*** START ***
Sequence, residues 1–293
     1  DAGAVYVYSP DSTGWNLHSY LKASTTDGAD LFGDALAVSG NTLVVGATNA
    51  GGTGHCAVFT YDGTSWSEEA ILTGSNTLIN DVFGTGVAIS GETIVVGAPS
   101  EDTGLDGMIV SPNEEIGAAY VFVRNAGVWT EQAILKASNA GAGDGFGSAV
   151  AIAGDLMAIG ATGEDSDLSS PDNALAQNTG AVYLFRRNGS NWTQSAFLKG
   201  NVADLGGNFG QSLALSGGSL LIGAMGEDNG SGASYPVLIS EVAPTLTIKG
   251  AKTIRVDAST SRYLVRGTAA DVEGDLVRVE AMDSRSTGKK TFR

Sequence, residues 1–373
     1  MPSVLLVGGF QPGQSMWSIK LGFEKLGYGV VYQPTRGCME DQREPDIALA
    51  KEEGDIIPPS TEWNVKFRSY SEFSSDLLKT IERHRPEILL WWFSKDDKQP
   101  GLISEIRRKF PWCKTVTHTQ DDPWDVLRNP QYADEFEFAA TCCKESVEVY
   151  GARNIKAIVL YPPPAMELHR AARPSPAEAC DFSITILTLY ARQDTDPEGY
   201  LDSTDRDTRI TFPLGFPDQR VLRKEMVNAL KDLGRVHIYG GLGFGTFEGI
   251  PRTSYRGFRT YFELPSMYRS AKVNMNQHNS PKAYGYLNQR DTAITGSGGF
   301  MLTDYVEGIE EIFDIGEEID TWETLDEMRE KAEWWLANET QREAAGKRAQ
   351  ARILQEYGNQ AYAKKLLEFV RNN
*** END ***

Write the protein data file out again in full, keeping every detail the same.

Sequence, residues 1–293
     1  DAGAVYVYSP DSTGWNLHSY LKASTTDGAD LFGDALAVSG NTLVVGATNA
    51  GGTGHCAVFT YDGTSWSEEA ILTGSNTLIN DVFGTGVAIS GETIVVGAPS
   101  EDTGLDGMIV SPNEEIGAAY VFVRNAGVWT EQAILKASNA GAGDGFGSAV
   151  AIAGDLMAIG ATGEDSDLSS PDNALAQNTG AVYLFRRNGS NWTQSAFLKG
   201  NVADLGGNFG QSLALSGGSL LIGAMGEDNG SGASYPVLIS EVAPTLTIKG
   251  AKTIRVDAST SRYLVRGTAA DVEGDLVRVE AMDSRSTGKK TFR

Sequence, residues 1–373
     1  MPSVLLVGGF QPGQSMWSIK LGFEKLGYGV VYQPTRGCME DQREPDIALA
    51  KEEGDIIPPS TEWNVKFRSY SEFSSDLLKT IERHRPEILL WWFSKDDKQP
   101  GLISEIRRKF PWCKTVTHTQ DDPWDVLRNP QYADEFEFAA TCCKESVEVY
   151  GARNIKAIVL YPPPAMELHR AARPSPAEAC DFSITILTLY ARQDTDPEGY
   201  LDSTDRDTRI TFPLGFPDQR VLRKEMVNAL KDLGRVHIYG GLGFGTFEGI
   251  PRTSYRGFRT YFELPSMYRS AKVNMNQHNS PKAYGYLNQR DTAITGSGGF
   301  MLTDYVEGIE EIFDIGEEID TWETLDEMRE KAEWWLANET QREAAGKRAQ
   351  ARILQEYGNQ AYAKKLLEFV RNN